The Phenomenology of Symbol: Genesis I and II

  • Frank K. Flinn
Part of the Phaenomenologica book series (PHAE, volume 92)


The following essay, which is divided into three parts, is a phenomenological interpretation of the two accounts of creation which open the Book of Genesis. In the first part below, I discuss the problem of interpretation stemming from the current use of the term “myths” for the creation accounts. In the second part, I examine a problem peculiar to modernity — critical consciousness along with the demystification and demythologization which may block us from interpreting symbolic discourse. These two parts then provide a dialectical framework for the third — the phenomenological approach to the texts about the “Beginning” in the Book of Genesis.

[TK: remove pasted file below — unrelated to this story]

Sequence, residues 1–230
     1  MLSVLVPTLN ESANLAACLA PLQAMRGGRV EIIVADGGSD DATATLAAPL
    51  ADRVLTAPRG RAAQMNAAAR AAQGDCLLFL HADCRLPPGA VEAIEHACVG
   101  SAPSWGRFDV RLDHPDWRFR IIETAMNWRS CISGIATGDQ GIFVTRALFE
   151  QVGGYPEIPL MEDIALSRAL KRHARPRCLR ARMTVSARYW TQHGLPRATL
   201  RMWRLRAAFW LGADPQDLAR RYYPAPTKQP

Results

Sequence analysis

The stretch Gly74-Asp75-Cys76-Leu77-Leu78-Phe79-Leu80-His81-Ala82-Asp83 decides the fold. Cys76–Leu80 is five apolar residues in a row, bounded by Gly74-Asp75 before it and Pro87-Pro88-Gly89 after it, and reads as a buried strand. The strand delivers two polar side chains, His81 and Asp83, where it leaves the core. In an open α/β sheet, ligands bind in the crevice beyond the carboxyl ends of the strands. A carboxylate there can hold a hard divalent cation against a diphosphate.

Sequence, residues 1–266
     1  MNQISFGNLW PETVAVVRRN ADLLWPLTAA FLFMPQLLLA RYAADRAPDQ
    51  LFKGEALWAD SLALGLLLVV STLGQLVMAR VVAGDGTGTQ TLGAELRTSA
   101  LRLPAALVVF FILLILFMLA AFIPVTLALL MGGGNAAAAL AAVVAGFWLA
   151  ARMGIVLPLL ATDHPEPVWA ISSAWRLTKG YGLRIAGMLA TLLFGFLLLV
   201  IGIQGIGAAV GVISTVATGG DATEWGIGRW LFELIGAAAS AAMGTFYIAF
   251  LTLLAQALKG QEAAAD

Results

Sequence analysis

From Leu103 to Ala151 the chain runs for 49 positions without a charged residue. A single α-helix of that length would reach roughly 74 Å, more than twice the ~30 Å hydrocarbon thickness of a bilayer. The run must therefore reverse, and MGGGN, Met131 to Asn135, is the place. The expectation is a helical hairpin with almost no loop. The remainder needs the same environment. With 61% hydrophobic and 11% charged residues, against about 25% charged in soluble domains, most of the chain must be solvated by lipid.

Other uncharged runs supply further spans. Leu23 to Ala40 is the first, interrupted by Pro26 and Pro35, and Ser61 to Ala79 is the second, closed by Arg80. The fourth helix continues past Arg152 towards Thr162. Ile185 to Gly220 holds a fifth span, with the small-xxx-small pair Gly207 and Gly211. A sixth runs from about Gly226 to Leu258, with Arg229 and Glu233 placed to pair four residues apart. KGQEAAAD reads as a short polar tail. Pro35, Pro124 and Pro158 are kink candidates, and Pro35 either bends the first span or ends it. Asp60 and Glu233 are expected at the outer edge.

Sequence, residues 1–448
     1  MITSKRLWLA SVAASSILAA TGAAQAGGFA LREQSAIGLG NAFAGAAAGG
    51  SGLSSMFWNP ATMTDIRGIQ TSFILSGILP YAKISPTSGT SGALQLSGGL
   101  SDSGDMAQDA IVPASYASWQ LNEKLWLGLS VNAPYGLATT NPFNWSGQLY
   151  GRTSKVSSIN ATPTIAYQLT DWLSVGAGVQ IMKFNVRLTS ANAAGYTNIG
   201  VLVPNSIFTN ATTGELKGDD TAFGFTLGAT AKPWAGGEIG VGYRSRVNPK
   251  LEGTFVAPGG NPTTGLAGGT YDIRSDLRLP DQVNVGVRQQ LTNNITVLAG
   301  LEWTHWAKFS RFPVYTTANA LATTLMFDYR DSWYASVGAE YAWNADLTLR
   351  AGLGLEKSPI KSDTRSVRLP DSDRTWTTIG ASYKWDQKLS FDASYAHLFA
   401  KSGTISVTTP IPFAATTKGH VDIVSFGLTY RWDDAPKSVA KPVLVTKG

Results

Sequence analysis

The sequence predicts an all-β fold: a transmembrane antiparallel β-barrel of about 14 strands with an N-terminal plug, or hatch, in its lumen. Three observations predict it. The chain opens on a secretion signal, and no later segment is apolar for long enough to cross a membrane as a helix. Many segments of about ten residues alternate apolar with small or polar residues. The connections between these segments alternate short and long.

Human Existence Mustard Seed Religious Discourse Heavenly Body Biblical Text 
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© Martinus Nijhoff Publishers, Dordrecht/Boston/Lancaster 1985

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  • Frank K. Flinn

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